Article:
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  1. 1
    Melissa Sweet

    Melissa Sweet

    Andrew Podger (immediate past president of the The Institute of Public Administration Australia, and a former Secretary of the Federal Health Department and Public Service Commissioner) asked for these comments to be posted on his behalf:

    ‘The views of Keleher, Sainsbury, Leeder, Baum and Moore about the Government’s PHI proposals are sadly predictable. There is a superficial logic to helping to pay for the Government’s additional spending on public hospitals and primary health care by means-testing the PHI rebate. But there is no recognition in their analysis of the underlying problems of current arrangements for PHI nor that the changes proposed would only exacerbate them.

    It is also extraordinary to me that those calling the rebate ‘middle-class welfare’ fail to question the far greater subsidies to the middle class through universal Medicare which they so strongly (like me) support.

    The underlying problems are the distortions apparent to any PHI member who presents at a public hospital: do I go public or do I go private? This also flows on to distortions in the hospital market between and amongst public and private hospitals for private and public patients.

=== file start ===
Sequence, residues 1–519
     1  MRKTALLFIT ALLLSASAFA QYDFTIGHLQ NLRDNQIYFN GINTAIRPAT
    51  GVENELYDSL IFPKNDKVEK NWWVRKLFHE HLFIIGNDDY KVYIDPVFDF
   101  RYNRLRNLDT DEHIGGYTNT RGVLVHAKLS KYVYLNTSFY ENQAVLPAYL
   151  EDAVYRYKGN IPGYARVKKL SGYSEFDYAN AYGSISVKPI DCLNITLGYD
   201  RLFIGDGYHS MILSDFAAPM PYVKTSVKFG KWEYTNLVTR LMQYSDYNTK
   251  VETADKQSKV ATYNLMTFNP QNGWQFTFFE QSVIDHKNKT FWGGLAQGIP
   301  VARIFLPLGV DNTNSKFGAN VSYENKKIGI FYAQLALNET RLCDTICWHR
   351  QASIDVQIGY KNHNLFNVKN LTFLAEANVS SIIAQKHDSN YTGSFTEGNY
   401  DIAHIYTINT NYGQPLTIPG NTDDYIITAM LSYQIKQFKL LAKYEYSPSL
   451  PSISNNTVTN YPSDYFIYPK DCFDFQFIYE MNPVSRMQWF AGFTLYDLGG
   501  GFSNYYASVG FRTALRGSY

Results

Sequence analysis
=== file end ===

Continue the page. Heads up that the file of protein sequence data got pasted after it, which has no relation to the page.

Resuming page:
The main cause is the Medicare levy exemption which crudely forces higher income people to take up PHI even if they have no interest in it. But the Government plans to increase the surcharge and the value of the exemption, because means-testing the PHI rebate without such complementary action would do all that the industry is complaining about: discourage the young and the healthy and return us to what we experienced before the lifetime cover reforms of spiralling premiums and falling membership.

    The answer to the underlying problems lies with getting rid of the surcharge exemption (which the industry will oppose with even more vigour that their current complaints), and then ensuring the PHI rebate is subject to the funds taking wider responsibility for their members, genuinely relieving Medicare of costs. That is the approach implicit in the Henry Report.

    This would of course be harder to do – but it would be genuine reform in contrast to the mickey mouse nonsense now proposed.’

    Reply
  2. 2
    Melissa Sweet

    Melissa Sweet

    For those interested in the Australian Private Hospitals Association’s response to this article, see this Crikey article by the association’s ceo, Michael Roff: http://www.crikey.com.au/2011/08/12/private-health-insurance-rebate-public-hospitals-need-it/

    Reply
  3. 3

    Peter Sainsbury

    There is much merit in what Andrew Podger says but my colleagues and I were trying to engage in a real, current debate about which a decision will be made in parliament in the near future, not a possible future debate, or rather debates.

    Reply

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